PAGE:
PARADISE, Butte County — A soaking rainstorm gave firefighters at the Camp Fire a welcome break a day before Thanksgiving, allowing them to scale back their two-week battle against the massive blaze as the slow search for human remains continued.
The rain should help douse the flames and speed up containment efforts, fire officials said Wednesday, but it could also create dangerous conditions in the form of mudslides, flooding, slick roads and falling trees. The storm also hampered efforts to find and recover bodies.
“It’s miserable,” said Dustin Topp, an engineer with the California Department of Forestry and Fire Protection, or Cal Fire, as he worked in the rain. His team was combing through a trailer park that was home to people 55 and older, looking for human remains and checking for hazards like septic tanks.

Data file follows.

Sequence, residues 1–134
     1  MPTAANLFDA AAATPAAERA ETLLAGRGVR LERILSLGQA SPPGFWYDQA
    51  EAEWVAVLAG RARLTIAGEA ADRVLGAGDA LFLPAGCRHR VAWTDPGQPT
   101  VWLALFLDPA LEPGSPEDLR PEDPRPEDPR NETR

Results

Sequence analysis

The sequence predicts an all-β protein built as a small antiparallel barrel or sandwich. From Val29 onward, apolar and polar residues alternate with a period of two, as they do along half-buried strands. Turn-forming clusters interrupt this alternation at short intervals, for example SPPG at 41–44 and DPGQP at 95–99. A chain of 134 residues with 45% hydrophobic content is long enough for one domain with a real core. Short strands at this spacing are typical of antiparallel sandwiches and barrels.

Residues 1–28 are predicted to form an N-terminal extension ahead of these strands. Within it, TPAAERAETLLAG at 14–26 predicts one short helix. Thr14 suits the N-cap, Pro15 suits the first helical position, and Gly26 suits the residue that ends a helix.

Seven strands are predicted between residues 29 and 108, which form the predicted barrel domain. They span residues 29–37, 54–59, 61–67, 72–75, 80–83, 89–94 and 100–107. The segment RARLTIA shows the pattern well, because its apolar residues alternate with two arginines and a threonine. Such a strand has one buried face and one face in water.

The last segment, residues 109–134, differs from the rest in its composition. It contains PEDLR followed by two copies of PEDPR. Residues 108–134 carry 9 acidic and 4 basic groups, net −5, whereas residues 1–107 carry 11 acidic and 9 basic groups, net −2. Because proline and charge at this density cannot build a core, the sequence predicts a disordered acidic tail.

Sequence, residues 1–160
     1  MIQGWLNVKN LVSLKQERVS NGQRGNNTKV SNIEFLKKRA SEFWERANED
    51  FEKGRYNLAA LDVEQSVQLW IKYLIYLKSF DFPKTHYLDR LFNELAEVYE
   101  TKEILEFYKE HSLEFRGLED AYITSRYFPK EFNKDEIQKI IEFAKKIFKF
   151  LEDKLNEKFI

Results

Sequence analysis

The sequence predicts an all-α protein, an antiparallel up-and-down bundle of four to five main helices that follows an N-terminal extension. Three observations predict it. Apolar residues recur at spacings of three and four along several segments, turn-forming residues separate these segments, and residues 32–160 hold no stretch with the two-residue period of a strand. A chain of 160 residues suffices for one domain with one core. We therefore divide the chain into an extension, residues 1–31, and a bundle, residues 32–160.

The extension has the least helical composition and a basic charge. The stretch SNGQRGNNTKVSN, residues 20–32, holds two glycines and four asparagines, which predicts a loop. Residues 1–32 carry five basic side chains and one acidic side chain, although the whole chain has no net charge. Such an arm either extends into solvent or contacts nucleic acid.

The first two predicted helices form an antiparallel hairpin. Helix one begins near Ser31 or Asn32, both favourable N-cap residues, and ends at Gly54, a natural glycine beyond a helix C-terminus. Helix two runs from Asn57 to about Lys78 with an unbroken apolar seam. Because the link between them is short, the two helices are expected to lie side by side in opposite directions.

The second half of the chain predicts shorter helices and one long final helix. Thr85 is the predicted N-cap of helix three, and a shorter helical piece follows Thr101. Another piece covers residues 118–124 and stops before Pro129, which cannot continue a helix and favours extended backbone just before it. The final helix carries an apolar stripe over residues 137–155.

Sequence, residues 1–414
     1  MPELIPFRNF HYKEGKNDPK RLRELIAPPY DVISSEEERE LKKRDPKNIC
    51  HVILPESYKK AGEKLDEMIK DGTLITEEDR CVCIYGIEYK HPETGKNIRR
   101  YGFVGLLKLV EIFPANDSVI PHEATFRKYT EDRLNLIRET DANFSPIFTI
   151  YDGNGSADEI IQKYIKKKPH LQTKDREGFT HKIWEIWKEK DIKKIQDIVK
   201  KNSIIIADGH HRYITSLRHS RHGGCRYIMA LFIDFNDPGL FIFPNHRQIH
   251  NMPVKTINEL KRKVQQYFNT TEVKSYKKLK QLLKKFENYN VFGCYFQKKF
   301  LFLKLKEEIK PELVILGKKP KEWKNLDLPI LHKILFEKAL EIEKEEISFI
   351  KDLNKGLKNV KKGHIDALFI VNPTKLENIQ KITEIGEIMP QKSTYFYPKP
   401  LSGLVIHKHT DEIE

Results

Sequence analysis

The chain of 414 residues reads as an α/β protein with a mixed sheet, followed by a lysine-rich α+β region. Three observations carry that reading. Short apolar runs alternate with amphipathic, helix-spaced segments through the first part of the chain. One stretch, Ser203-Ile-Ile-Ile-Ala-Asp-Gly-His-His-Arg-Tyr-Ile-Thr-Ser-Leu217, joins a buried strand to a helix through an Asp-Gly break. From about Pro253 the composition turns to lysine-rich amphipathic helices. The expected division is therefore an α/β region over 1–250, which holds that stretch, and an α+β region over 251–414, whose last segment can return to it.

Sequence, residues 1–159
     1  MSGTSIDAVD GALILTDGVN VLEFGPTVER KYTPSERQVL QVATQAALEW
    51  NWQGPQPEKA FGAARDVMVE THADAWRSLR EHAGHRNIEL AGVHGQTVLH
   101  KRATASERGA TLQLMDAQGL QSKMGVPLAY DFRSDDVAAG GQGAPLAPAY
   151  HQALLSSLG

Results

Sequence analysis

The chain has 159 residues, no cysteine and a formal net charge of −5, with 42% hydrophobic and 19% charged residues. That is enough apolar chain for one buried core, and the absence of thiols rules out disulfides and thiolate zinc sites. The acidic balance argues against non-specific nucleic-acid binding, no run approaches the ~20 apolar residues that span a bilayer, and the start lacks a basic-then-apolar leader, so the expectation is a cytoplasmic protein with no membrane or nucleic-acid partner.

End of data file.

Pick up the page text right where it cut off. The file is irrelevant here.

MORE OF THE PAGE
As of Wednesday night, 83 deaths had been reported from the Camp Fire. Two remains were found on Wednesday, one in a structure in Paradise and another in a structure in Magalia, Butte County Sheriff Kory Honea said in a Wednesday night news conference.
Six more victims were identified Wednesday night, bringing the number of victims publicly identified to 12. Their names are Teresa Ammans, 82, of Paradise; Richard Brown, 74, of Concow; Marie Wehe, 78, of Concow; Kimber Wehr, 53, of Paradise; Joseph Rabetoy, 39, of Paradise; and Joan Tracy, 80, of Paradise.
Officials said the wildfire had burned 153,336 acres and crews had it 85 percent contained as of Wednesday night, according to Cal Fire. The inferno incinerated 13,503 residences and nearly 5,000 other buildings and still threatens 5,100 structures, officials said. About 563 people remain unaccounted for.
Fire crews planned to pull back Wednesday and let the rain do the work of putting out flames while teams focus on the search for victims, said Jim Mackensen, a spokesman for the U.S. Forest Service.